Search for duplicates in a collumn and delete the row on which it occurs

20 pts.
Tags:
Microsoft Excel
Microsoft Excel formulas
microsoft excel functions
Microsoft Excel macros
Hi, I have a spreadsheet with list of identifiers in collumn 1, this is auto generated and due to the source info some of them duplicated, what I want to do is find the duplicates and remove the entire row they appear on. I know this is possible using clipboard and filters but I would rather avoid user error and use a macro. Any help will be appreciated Thanks

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Hi Harleq,

What I would probably do is use <a href=”http://msdn.microsoft.com/en-us/library/aa213557(office.11).aspx”>VBA to sort the rows</a>, then start at cell (1,1). For each cell, look to see if the next row has the same value. If it does, delete the row (the current row or the next one, depending on how you want to do it). If it doesn’t, increment to the next row. (Don’t increment if you deleted a row; the deletion acts as an increment anyway).

If you don’t want the information re-sorted, I think your best bet is to increment over the rows, storing each row’s identifier cell’s value in an array. For each row, if the ID is already in that array, delete the row; if not, add the ID to the array and go to the next row. If you have a large data set you’re working on, you may want to keep the array sorted or hashed to make all those lookups quicker.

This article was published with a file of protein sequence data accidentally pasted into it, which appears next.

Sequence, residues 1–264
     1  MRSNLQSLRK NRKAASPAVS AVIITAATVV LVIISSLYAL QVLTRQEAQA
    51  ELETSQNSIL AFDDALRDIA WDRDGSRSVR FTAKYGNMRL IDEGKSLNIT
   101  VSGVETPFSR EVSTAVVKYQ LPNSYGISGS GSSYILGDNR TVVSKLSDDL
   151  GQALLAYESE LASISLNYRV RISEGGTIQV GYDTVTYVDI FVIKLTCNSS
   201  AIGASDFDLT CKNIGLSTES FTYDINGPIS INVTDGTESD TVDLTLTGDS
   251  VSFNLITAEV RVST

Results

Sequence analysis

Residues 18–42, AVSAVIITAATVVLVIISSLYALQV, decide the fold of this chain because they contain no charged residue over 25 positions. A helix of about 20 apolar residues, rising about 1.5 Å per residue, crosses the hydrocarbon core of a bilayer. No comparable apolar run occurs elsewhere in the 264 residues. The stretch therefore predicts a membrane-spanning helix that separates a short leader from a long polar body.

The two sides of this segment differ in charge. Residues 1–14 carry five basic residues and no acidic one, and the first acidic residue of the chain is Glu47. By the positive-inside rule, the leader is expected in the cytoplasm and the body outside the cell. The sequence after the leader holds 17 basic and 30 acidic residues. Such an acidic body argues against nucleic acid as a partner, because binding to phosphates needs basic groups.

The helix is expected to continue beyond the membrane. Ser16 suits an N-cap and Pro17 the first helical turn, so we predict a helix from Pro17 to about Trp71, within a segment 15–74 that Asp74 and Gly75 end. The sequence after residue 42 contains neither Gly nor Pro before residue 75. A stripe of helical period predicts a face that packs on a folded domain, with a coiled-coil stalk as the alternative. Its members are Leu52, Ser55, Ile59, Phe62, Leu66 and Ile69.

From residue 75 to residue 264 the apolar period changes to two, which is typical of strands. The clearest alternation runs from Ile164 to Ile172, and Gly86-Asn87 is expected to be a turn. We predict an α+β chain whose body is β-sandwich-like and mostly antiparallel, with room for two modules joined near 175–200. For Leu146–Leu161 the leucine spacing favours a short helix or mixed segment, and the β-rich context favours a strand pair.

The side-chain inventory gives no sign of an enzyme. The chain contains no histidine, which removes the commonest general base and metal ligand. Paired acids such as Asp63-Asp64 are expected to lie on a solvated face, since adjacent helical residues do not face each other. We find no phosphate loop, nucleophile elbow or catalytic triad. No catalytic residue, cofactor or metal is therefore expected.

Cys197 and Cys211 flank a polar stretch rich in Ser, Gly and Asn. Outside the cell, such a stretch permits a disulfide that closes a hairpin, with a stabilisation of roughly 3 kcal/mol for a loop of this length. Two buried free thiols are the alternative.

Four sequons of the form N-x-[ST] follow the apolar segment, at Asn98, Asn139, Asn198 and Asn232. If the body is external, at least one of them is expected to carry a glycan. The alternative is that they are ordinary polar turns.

HTH, let me know if you need more specific help.

OR, Assume A = ID column Then -(1) Insert another column (B)
(2) Sort on column (A)
(3) In column row 2 – enter equation = A2-A1 and copy down
Any row with a zero in Column B is a duplicate.
Then, if a massive spreadsheet (1) Save as a .CSV file (2) Load the .CSV file (3) Sort on Column B and all the bad rows will sort to the top

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  • YuvalShavit
    That's a great idea, Nozlop. If the ID column is not purely numeric (ie, if an ID could be something like "A81BL") then you can replace the =A2-A1 with something like =IF(A2=A1,1,0). That will enter a 1 if the ID column is equal to the one above it (ie, there's a duplicate), and 0 if not. Also, instead of saving as a separate file and sorting, you can select the whole of column B (where the new equation is) and copy. Then paste special and have it paste values (instead of "all"). Column B will now have the values it had before, but without the associated equations behind them. Now you can sort on column B and delete all the duplicates.
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